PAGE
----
WSSV and YHV remain to be among the most lethal viral pathogens of shrimps, especially in P. monodon and P. vannamei. Prevention of these diseases is best achieved by using SPF broodstock (esp. for WSSV) which is also the main reason for record shrimp production.
For YHV, the mode of transmission is still unknown but covering the ponds with mosquito nets somehow prevents YSV infection, suggesting an insect vector. The covers also prevent infection via infected shrimps dropped by birds. TSV and IHHNV in P. vannamei is no longer a problem, showing no effect on cultivated shrimps since 1998 (for TSV), and the high percentages of shrimps having viral inserts in their genomes (for IHHNV).
The most recent threat is IMN which is currently affecting P. vannamei in Indonesia. The possibility of spreading the disease to neighboring P. vannamei producing countries is high, considering the transport (both legal and illegal) of P. vannamei broodstock and postlarvae from one country to another. Other diseases that should be monitored in P. vannamei are:
- Penaeus vannamei nodavirus (PvNV) which is not yet reported in the region; the disease was first seen in Belize with disease signs indistinguishable from IMNV;
- MrNV which was shown to infect P. monodon, P. japonicus and P. indicus experimentally; some P. vannamei samples from China, Vietnam and Indonesia showed strongly positive for MrNV by RT-PCR and immunohistochemistry.
- ASDD which is associated with a retrovirus-like agent (ASDV), but the clinical sign (deformed body) seem to be stress-induced; not lethal but deformities significantly affect the commercial value of the harvested shrimps.
For P. monodon, aside from WSSV and YHV, MSGS is another major problem which is associated with LSNV (necessary but insufficient cause of the disease). It is also found that small shrimps from MSGS affected ponds show retinopathy while large shrimps did not, indicating that another factor might be involved in the disease.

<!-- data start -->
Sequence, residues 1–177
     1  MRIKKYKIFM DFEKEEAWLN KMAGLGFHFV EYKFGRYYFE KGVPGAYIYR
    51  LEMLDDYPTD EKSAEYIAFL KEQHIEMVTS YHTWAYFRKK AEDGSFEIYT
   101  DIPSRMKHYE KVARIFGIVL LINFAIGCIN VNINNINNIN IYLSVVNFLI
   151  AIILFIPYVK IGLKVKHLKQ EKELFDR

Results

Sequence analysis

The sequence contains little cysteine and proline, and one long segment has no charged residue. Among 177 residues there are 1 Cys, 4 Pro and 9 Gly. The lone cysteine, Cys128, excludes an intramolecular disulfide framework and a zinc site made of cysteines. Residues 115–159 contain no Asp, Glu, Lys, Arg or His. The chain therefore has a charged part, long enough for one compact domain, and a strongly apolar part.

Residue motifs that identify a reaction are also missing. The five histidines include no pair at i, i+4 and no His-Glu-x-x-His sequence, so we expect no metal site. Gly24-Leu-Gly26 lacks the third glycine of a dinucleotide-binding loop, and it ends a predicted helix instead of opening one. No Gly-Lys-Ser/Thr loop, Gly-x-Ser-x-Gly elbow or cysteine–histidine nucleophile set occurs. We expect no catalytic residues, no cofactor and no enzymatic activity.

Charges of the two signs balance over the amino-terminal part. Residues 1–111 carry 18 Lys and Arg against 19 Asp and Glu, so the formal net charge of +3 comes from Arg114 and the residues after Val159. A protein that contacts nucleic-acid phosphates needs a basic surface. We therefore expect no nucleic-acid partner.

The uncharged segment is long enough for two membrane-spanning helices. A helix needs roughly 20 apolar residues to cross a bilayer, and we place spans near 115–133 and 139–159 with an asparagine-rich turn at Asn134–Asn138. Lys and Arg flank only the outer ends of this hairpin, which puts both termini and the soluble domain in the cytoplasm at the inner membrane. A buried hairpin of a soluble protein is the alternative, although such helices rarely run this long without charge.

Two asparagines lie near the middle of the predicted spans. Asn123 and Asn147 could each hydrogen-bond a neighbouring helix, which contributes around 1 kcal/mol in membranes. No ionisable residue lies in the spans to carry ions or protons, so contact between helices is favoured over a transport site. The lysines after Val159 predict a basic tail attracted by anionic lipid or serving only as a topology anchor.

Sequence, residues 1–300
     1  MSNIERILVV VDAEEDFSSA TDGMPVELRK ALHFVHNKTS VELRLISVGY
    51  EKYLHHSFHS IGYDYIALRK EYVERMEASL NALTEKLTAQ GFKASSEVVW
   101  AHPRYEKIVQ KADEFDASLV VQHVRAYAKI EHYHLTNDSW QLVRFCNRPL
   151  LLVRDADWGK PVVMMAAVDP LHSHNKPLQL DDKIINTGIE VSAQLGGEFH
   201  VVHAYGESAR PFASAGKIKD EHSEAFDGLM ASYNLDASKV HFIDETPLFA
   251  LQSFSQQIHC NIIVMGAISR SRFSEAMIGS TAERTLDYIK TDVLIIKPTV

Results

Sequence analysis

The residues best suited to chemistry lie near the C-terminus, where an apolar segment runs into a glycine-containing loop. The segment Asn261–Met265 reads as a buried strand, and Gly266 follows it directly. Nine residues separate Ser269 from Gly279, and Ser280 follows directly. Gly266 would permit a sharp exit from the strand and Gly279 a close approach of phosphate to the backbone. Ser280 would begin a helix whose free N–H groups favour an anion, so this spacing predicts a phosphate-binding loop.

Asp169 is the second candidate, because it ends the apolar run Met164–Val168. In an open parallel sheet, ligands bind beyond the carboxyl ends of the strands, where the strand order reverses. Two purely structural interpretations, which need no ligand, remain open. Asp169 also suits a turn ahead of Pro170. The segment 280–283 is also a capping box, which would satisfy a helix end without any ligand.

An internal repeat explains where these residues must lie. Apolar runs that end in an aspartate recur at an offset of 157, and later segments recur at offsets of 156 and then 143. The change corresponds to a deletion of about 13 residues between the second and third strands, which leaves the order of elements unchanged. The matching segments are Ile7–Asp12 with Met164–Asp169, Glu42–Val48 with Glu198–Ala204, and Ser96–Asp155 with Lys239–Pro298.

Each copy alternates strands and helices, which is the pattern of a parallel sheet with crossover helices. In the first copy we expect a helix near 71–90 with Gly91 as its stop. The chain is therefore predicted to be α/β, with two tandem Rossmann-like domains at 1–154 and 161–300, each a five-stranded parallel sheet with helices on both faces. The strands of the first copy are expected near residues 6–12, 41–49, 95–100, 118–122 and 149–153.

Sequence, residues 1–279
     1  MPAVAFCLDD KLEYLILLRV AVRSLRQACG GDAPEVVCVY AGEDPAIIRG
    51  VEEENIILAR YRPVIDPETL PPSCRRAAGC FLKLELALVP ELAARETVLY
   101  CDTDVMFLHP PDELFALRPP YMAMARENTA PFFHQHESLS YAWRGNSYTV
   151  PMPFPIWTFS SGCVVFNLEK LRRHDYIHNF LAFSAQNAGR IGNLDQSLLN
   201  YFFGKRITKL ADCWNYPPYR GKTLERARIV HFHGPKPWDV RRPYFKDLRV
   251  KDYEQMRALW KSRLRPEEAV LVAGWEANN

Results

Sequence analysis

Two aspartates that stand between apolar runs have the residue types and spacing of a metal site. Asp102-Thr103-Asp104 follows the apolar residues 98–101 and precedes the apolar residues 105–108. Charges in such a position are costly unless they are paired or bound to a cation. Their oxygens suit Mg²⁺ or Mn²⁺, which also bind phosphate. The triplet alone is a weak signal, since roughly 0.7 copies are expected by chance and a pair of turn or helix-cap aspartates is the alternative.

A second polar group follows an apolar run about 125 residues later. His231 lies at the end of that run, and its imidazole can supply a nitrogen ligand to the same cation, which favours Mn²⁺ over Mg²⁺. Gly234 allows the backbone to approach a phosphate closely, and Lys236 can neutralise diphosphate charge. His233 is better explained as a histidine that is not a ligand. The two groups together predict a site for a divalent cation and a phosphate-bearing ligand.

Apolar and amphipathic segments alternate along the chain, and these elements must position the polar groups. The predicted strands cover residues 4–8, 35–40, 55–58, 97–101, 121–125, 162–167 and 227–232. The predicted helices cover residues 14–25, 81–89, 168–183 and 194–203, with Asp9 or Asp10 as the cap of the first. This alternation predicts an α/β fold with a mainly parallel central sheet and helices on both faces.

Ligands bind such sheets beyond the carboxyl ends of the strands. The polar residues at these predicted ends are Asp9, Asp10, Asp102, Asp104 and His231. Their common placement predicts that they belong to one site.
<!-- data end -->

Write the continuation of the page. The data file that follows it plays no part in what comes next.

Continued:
Recent findings on viral inserts showed that not all shrimps found positive for viral diseases using routine molecular techniques (e.g. PCR) or diagnostic kits contain the complete genome (infective unit) of the causative virus. False positive diagnosis might result in discarding uninfected shrimps or shrimps with protective inserts. This finding is especially important for shrimp breeding programs with aims to select for disease tolerance.
TSV can be considered not a problem anymore, as there was no report of further transmission to other species.
IMN should be considered a high priority because of the threat it currently pose in spreading the disease from Indonesia to other neighboring Penaeus vannamei -producing countries. Necessary preparedness is needed in these countries in any event of IMN outbreaks.
Viral inserts in shrimp genome (which usually produce positive results using routine PCR diagnosis) is a novel and most recent findings and maybe the reason why some shrimps found positive for viruses are not showing any signs of the disease.
Shrimps with viral inserts cannot transmit the disease from one shrimp to another (since it is incomplete). The inserts, however, can be passed from one generation to another.
Recognising the high risk and threats posed by IMNV to other P. vannamei-producing countries in the region, AG strongly recommended that a meeting on IMNV Awareness and Preparedness be organized focusing on understanding the current situation of IMN in Indonesia (spread and economic impact), assisting them with containment plans, and to prepare a draft emergency response and contingency plan for selected P. vannamei producing countries in dealing with IMN. NACA and AAHRI offered technical assistance in this regard, while FAO expressed its interest in organizing/funding the meeting.
AG also suggested NACA to prepare a one-page Advisory Report on IMNV documenting the disease characteristics, pathogen, spread of the disease within Indonesia and its economic impact in P. vannamei industry for wider dissemination in the region.
With the novel findings on viral inserts, AG recommended that those involved in surveillance and disease diagnosis should be informed to be more cautious in interpreting the presence or absence of viral infections (e.g. IHHNV) in shrimps using the routine molecular diagnostic techniques (e.g. PCR, RT-PCR).
The AG recommended that a brief write up on viral inserts and their implications for diagnosis, surveillance, and seed and broodstock screening programs be developed by NACA with technical assistance from the Crustacean disease expert and widely disseminated in the region.